On the Lee Pound and Sheri
Long ancestral pages I have listed the immigrant or earliest known
ancestor of each line which I am currently researching. The table shows
the name, dates of birth and death where known and town with which they
are associated. They are separated by state so the reader will not waste
time looking for a name in a state they are not researching.
The pages in the
center contain the ancestors of my four German immigrants to the United States between 1845 and
1853 and settled in the Peoria, Illinois area.
For many years I was unable to
locate any of these ancestors in Germany with the exception of Fredericka
Schelling, whose birthplace (from her death certificate) was known to be
Neckarbischofsheim, Baden, a small town in the hills of northern Baden near the
university town of Heidelberg.
In 1969, after extensive visits with
and correspondence with other members of the family, I published a book
containing the descendants of Jacob Glabe and Katherine Stein. At that
time I knew only that they were from the German State of Hesse-Kassel.
In 1973, I traveled to
Germany after discovering that most of the families named Glabe (Glebe in Germany) lived in a
small valley between Niederaula and Bad Hersfeld. I arrived in Niederaula,
checked into my hotel and parked in front of the local church. The next
day, after a fruitless visit to Bad Hersfelt, I met the minister of that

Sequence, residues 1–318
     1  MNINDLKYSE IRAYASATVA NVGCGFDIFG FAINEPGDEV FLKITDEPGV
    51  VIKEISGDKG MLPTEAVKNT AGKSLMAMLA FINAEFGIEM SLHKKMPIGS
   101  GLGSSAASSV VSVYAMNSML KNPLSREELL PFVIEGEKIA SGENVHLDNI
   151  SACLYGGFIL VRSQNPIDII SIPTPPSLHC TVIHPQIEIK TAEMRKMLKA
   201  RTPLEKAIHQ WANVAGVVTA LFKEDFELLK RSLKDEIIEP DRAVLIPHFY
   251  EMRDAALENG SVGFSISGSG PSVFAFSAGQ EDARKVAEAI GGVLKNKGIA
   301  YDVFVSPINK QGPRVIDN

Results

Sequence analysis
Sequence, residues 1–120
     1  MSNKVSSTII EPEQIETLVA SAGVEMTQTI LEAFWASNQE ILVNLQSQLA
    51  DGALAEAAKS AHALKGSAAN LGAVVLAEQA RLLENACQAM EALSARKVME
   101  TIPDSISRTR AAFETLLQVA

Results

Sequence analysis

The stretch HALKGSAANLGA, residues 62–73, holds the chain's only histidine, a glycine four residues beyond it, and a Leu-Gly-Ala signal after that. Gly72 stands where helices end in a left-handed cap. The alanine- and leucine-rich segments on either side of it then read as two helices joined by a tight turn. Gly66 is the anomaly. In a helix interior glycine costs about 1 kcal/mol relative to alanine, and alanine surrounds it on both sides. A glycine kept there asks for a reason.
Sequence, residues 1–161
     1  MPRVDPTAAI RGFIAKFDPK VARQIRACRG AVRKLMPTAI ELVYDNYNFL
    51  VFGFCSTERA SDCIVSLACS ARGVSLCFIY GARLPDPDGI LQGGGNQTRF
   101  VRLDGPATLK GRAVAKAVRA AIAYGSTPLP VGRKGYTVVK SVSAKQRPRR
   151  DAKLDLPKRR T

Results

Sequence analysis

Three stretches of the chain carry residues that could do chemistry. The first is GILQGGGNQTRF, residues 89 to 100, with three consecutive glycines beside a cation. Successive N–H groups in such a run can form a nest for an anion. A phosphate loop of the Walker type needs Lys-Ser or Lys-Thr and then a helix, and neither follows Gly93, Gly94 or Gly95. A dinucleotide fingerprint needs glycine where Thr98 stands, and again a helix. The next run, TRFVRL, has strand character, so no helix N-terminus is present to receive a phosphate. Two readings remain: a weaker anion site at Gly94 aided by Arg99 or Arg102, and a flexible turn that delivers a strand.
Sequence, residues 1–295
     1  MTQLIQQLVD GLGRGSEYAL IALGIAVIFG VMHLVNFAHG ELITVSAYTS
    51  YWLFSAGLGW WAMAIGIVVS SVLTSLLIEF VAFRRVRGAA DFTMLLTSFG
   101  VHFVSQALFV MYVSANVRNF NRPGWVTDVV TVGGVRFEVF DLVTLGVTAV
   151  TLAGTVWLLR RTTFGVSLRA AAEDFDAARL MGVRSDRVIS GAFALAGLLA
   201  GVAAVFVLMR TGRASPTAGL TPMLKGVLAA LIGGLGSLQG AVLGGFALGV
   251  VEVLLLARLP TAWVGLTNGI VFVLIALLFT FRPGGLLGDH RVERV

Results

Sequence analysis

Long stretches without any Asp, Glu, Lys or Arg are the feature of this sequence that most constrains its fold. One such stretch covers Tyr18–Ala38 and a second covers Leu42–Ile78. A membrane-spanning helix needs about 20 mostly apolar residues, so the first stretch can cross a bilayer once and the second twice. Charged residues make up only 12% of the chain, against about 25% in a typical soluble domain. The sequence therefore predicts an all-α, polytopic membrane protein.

church. She checked the records and found the marriage of Jacob Glebe and
Katherine Stein and the birth of their first son Henry. I copied out data
on their ancestors for hours, then over the next few days visited churches in
neighboring towns and added even more ancestral data.
A year or so later I discovered the
birthplace of Frederick Goller on the death certificate of the brother of my
ancestor. Using a combination of professional researchers in Germany and
microfilm available in the United States, I was able to extend the Goller and
Schelling lines back over two centuries in some cases.
Some of these files are extensive
and will take a few moments to load. The results are worth the wait.
The source for this material is almost exclusively the parish church records in
the town where the birth, marriage or death took place. Early generations
of the Meckbach and Weiffenbach families are taken from a history of Niederaula
by Trautgott Classen published in Germany in 1979.